Essay / The House that Could

Essay / The House that Could

This was our home for six years. There aren't many places that can stir a soul like this one does mine. The lessons it taught me are many. Living here demonstrated everyday the value of simplicity, living with nature, of authentic materials and quality construction, and the power of details in design. It also was a lesson in geometry and proportion and the organic. And so many other things that have continued on to live in Modernplum. The house was built in 1967 by two professors at the University of Illinois in Urbana and no doubt they loved it. But it was in terrible shape when we arrived. Mold covered the exterior and there were big holes in the hardwood floors, and the glass walls were dirty and all fogged up. The home had changed owners many times that produced a slew of bandaid patches, fast fix-its, and lazy neglect that this 1967 beauty couldn't really fake anymore. But we knew it would be ours anyway. The restoration was a slow process like anything worth doing usually is. My husband began by power washing the entire exterior, patching and repainting almost every surface inside. Instead of replacing the original cherry wood cabinetry, we cleaned and cleaned until it shined again. Same for the glass walls and wood flooring. In full restoration mode, we thought that the painting brick, drywall, glass and cherry wood materials made up the soul of the place and they could never be replaced. We imagined getting a newer version of these things, but where deterred by the very real possibility of cheaply made, chemical-laden, veneers, and suspect craftsmanship which just would not fit here. The glasshouse was made from a simple and recognizable group of materials that created honest interior spaces. That's why the place was so authentic and real. Authenticity is sincere and as living beings, we respond to and thrive in this kind of environment, I think.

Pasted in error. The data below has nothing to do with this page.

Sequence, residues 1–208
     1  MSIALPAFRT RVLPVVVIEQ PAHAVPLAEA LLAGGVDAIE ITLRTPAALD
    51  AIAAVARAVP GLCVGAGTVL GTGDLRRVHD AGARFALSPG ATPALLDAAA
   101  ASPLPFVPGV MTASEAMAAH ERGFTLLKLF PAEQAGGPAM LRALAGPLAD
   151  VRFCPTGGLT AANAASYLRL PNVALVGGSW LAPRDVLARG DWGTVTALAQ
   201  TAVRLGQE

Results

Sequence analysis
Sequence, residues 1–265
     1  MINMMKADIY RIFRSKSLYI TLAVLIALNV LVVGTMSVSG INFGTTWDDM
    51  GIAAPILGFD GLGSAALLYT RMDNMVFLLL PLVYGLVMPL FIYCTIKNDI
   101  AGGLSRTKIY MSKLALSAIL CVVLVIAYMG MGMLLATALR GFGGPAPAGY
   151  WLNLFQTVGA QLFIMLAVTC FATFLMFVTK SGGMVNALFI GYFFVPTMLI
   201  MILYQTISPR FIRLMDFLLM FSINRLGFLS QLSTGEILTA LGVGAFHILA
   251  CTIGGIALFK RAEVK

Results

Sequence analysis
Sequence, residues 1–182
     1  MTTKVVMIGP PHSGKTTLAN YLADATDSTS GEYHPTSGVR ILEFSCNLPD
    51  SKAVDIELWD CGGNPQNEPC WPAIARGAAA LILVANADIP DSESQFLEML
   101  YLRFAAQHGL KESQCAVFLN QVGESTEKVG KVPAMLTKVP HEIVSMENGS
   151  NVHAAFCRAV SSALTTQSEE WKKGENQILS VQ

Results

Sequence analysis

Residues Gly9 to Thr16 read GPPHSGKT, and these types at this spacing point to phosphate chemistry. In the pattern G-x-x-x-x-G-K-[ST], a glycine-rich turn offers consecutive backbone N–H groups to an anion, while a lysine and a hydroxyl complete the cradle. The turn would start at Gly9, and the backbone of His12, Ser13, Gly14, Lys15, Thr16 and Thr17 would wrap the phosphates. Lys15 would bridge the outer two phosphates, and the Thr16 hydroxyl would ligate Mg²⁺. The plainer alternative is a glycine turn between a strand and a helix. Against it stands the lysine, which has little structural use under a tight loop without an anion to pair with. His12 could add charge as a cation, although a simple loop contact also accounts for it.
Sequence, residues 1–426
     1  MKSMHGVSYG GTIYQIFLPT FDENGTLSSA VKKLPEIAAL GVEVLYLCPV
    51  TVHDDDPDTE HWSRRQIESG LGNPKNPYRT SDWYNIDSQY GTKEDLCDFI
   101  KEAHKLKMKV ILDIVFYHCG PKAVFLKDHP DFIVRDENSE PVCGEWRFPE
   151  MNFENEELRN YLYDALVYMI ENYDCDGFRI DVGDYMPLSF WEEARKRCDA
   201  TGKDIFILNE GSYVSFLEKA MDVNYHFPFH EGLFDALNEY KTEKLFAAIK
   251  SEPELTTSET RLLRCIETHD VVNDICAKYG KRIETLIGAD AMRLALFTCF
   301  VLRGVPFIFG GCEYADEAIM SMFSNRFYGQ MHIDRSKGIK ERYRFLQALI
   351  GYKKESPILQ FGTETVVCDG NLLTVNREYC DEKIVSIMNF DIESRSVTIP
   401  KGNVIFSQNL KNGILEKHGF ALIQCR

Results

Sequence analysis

The glass walls were the defining feature of the house. The house was shaped like a rectangle with an interior courtyard and three inhabitable sides and looking south onto a golf course. A series of floor to ceiling glass walls made the home transparent from back to front. Nature and light defined our daily experience. It was an experience of changing colors, forms, and light during the year. We were one with nature, like indoor campers protected from the elements but very much integrated with the outdoors. I felt at peace here, connected to something greater than the folly of technology, politics, and commerce.
I felt at peace here, connected to something greater than the folly of technology, politics, and commerce.
As the work on the house progressed into its third year (yes, there was a lot to do!), we debated on the textiles. What kind of bedding, pillows, curtains, and table linens should we get? What do they need to be in order to respect and blend in with the environment? As a textile artist, I am fascinated with the Bauhaus philosophy, in particular, how textiles were integrated within midcentury homes during the 50's and 60's. During this time, architects and artists worked together to seamlessly integrate textiles into the spaces. Textiles were responsive to the architecture in their forms, colors, and materials. There is a degree of intentionality in this way of working that I find refreshing.
So the task of making those textiles began. I selected linen as this fabric is simple, natural, hardworking, honest, and beautiful, just like the glasshouse. Some would also say that linen is high maintenance. That's a matter of opinion since linen can be completely wash and ware but let's say it is true -- linen is high maintenance. Truly beautiful and extraordinary things often are. My first pieces for Plum came from this place both literally and in these thoughts. The Anna Collection and Lucia Collection bedding came first and then the Jean Table Collection. Follow this link to view these products. All of these designs are simple but focus on the quality and richness of the materials as well as the craft in sewing. Then the line expanded but the focus has remained: to create authenticity in daily life through thoughtfully designed and made textiles has sustained my creative self ever since. We moved away from the glasshouse in 2016 due to some new opportunities out of town. We now reside in Chicago and could not be happier with our new community, but I miss it.  It was our home and much, much more.